Decomposition Methods in Economics
This chapter provides a comprehensive overview of decomposition methods that have been developed since the seminal work of Oaxaca and Blinder in the early 1970s. These methods are used to decompose the difference in a distributional statistic between two groups, or its change over time, into various explanatory factors. While the original work of Oaxaca and Blinder considered the case of the mean, our main focus is on other distributional statistics besides the mean such as quantiles, the Gini coefficient or the variance. We discuss the assumptions required for identifying the different elements of the decomposition, as well as various estimation methods proposed in the literature. We also illustrate how these methods work in practice by discussing existing applications and working through a set of empirical examples throughout the paper.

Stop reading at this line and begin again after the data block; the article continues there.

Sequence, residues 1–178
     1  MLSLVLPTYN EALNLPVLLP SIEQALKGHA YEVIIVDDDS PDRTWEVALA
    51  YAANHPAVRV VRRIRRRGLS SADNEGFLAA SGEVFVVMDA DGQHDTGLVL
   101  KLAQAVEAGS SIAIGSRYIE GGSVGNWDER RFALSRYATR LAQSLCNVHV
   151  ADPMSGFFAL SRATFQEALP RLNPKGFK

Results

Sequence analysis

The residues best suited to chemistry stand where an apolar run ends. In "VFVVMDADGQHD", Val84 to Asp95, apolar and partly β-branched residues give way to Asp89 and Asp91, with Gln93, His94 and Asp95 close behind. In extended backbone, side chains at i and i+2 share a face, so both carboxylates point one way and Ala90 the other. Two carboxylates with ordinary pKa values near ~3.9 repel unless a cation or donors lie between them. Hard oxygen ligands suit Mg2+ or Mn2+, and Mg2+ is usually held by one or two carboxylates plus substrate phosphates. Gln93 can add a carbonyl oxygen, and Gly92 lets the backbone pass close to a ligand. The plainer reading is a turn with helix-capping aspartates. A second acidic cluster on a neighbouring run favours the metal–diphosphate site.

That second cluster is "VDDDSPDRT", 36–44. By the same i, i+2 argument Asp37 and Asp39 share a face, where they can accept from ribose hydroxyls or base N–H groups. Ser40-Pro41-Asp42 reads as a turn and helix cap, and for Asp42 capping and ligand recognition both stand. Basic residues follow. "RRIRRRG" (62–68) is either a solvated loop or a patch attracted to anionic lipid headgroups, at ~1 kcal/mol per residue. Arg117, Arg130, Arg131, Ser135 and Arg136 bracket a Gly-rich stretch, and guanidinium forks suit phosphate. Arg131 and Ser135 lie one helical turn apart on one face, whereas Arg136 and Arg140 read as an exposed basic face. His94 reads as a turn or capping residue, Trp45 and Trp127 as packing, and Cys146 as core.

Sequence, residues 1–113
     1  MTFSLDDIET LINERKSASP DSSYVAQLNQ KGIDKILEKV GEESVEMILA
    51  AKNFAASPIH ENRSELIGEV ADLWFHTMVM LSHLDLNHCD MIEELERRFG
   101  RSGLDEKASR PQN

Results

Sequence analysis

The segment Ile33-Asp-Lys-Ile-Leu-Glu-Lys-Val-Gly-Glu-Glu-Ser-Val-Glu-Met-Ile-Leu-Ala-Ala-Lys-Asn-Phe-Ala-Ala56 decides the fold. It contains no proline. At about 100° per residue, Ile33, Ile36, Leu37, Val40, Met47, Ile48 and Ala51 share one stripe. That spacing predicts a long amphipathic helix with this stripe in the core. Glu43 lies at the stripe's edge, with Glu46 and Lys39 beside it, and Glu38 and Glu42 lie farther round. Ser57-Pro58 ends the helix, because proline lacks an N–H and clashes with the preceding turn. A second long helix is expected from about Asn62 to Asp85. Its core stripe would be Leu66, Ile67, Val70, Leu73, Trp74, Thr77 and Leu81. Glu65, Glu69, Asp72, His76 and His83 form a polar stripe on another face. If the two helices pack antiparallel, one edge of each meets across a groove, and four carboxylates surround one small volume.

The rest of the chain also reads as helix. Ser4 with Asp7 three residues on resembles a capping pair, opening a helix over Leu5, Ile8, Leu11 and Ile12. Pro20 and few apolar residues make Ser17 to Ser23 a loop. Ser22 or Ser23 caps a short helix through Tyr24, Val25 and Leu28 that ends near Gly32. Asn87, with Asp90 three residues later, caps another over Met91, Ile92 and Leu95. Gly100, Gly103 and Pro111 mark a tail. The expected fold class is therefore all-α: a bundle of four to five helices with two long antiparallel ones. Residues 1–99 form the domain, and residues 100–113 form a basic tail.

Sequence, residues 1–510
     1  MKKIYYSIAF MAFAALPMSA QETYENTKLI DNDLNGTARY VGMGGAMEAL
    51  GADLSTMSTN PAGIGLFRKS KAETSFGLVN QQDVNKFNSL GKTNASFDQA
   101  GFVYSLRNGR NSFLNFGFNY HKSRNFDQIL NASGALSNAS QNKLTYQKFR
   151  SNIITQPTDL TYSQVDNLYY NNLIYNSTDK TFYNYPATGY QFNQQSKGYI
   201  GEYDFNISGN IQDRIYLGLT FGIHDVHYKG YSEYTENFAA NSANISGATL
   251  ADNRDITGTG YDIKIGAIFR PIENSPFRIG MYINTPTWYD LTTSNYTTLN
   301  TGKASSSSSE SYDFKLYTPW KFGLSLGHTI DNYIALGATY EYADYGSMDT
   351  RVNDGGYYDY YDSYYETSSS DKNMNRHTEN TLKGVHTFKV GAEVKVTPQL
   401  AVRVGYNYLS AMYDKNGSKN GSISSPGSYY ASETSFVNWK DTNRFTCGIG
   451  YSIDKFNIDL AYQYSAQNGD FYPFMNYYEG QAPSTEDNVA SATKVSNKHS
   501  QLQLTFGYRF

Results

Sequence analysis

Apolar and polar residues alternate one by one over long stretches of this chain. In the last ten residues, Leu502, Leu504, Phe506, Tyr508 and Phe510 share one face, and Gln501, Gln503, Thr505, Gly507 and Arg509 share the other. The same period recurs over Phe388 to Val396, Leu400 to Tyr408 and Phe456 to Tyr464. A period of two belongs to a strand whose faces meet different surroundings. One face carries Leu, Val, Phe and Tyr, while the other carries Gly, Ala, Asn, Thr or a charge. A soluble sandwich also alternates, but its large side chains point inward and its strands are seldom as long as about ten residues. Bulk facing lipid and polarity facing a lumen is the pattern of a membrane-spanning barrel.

We are grateful to Orley Ashenfelter, David Card, Pat Kline, and Craig Riddell for useful comments, and to the Social Sciences and Humanities Research Council of Canada for Research Support. The views expressed herein are those of the authors and do not necessarily reflect the views of the National Bureau of Economic Research.
“Decomposition Methods in Economics” (with Sergio Firpo and Nicole Fortin), in D. Card and O. Ashenfelter, eds., Handbook of Labor Economics, 4 th Edition, Elsevier North Holland, 2011, pp. 1-102.